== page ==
The Serious Fraud Office (SFO) has been called in to investigate Harlequin Property, a UK-based overseas property sales agent that is not regulated by the Financial Services Authority (FSA), according to reports.
Up to 3,000 Britons have poured up to £250m of their savings into the scheme run by Essex-based Harlequin Property, which has promised to build 6,000 luxury villas in St Lucia, St Vincent, Barbados and the Dominican Republic, but has so far only constructed 300, according to the Mail on Sunday.
Arnhim Eustace, opposition leader in St Vincent, has now said that he understands the SFO has been called in to investigate the matter.
Two building companies and seven individuals contacted him to say they were owed money by Harlequin.
He told the Mail: "I appealed to Harlequin to pay them, but with no result."
David Ames, 61, who runs the company with wife Carol, also 61, and son Daniel, 35, from a business park in Basildon, strongly denies misleading investors.
He told the Mail he has been duped by contractors which are now the subject of legal action and that all the projects will eventually be completed.
The SFO said it could "neither confirm nor deny" whether it is investigating Harlequin.
IFAonline has previously reported that Harlequin Property is having problems issuing payments due under the terms of its agreement to investors who re-mortgaged their homes in the UK to invest in the scheme's Caribbean properties.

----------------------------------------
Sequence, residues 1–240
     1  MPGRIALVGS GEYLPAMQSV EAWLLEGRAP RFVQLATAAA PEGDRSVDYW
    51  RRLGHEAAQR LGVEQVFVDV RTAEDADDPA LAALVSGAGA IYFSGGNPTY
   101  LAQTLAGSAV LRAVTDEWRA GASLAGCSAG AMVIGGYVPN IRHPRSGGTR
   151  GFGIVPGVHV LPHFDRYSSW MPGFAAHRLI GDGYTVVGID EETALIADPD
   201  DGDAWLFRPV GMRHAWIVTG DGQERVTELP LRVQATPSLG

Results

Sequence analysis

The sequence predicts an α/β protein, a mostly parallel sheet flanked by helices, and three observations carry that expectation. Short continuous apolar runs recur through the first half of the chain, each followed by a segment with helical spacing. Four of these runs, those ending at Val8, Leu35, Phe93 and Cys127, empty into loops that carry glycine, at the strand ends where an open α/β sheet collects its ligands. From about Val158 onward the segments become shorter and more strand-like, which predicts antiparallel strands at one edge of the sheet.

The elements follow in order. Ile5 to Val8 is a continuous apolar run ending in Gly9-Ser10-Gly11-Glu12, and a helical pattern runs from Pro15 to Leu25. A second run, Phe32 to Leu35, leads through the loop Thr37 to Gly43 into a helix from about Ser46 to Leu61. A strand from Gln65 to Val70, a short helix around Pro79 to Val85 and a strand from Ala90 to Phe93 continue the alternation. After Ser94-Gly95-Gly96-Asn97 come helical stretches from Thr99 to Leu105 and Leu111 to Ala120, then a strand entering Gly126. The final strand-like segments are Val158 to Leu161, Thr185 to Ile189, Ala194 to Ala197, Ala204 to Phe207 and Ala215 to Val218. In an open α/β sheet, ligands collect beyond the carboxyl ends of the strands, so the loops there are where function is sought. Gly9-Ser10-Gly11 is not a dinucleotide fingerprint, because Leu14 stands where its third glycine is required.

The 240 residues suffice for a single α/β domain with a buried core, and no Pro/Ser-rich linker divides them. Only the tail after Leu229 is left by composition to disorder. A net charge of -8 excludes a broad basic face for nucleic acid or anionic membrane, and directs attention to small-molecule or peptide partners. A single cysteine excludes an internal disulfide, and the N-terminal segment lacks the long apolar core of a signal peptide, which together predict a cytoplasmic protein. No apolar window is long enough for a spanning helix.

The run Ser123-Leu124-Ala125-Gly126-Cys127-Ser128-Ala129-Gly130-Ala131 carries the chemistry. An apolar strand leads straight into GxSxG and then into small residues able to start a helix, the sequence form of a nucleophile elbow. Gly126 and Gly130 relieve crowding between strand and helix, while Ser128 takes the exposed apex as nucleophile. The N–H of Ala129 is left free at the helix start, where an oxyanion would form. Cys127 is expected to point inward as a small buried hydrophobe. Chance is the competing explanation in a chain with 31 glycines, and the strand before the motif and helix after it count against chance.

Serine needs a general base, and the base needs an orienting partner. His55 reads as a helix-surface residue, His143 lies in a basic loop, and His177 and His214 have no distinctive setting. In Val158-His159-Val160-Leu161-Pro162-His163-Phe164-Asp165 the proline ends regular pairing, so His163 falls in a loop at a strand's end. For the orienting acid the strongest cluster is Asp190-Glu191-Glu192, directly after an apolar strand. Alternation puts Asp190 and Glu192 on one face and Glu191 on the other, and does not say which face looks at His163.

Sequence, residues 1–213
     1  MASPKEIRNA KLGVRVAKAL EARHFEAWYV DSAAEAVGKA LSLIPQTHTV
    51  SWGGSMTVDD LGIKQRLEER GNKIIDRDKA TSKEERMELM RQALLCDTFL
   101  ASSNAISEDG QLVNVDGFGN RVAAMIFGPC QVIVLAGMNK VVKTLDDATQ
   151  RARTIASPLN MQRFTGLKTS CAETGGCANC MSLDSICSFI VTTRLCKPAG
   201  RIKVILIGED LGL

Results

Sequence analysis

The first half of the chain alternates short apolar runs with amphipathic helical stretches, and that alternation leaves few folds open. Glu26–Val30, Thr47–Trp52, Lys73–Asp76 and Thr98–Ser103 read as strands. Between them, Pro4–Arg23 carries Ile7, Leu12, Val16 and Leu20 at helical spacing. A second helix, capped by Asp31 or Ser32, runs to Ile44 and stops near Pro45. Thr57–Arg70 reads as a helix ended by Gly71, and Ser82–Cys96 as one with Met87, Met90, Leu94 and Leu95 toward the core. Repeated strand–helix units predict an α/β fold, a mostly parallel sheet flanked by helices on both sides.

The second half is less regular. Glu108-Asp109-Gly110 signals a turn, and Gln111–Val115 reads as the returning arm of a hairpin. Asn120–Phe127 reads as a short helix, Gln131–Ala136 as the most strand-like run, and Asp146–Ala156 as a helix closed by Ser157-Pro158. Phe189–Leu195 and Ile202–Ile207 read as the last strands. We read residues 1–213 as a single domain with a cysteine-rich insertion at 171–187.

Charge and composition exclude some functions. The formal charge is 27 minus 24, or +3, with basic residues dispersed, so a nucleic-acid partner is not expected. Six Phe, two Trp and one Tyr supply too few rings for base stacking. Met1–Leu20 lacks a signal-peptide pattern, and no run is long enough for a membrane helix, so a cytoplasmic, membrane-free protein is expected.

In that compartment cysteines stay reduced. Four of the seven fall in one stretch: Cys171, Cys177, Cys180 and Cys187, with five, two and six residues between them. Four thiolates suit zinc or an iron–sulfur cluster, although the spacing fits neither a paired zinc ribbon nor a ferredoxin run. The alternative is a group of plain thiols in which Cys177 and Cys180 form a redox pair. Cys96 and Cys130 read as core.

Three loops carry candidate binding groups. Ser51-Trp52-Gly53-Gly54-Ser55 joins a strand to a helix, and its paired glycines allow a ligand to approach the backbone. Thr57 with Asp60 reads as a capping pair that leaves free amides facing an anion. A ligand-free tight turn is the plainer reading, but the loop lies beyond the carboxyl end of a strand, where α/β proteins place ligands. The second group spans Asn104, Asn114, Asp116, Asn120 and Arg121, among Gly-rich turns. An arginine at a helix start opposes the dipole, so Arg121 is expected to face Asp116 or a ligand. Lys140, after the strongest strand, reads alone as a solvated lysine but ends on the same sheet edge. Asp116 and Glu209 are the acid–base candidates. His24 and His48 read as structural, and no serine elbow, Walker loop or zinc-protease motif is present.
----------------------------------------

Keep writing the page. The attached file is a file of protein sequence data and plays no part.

The Financial Services Authority (FSA) has also issued an alert to financial advisers about investing clients' money in Caribbean property through Harlequin Property.
In the alert, the FSA highlights that it has seen an increasing number of self-invested personal pension (SIPP) schemes whose underlying investment is in an overseas property purchased through Harlequin.
The FSA warns advisers to ensure they give "careful consideration" to the particular features of an investment through the company.
In order to make sure a recommendation to invest in an overseas property investment is suitable for their customers, the FSA expects advisers to have undertaken thorough due diligence on the various developments being sold through Harlequin to fully satisfy themselves that it is a suitable investment, taking into account all relevant factors.
This should involve consideration of how building work is progressing on the various sites and any factors involved in reported delays to completion.
Advisers must also establish precisely how their clients' funds will be used during the construction phase and the terms of their purchase agreements, and make a full assessment of all publicly available information about the overseas property investments through Harlequin and on all the parties associated with these investments.
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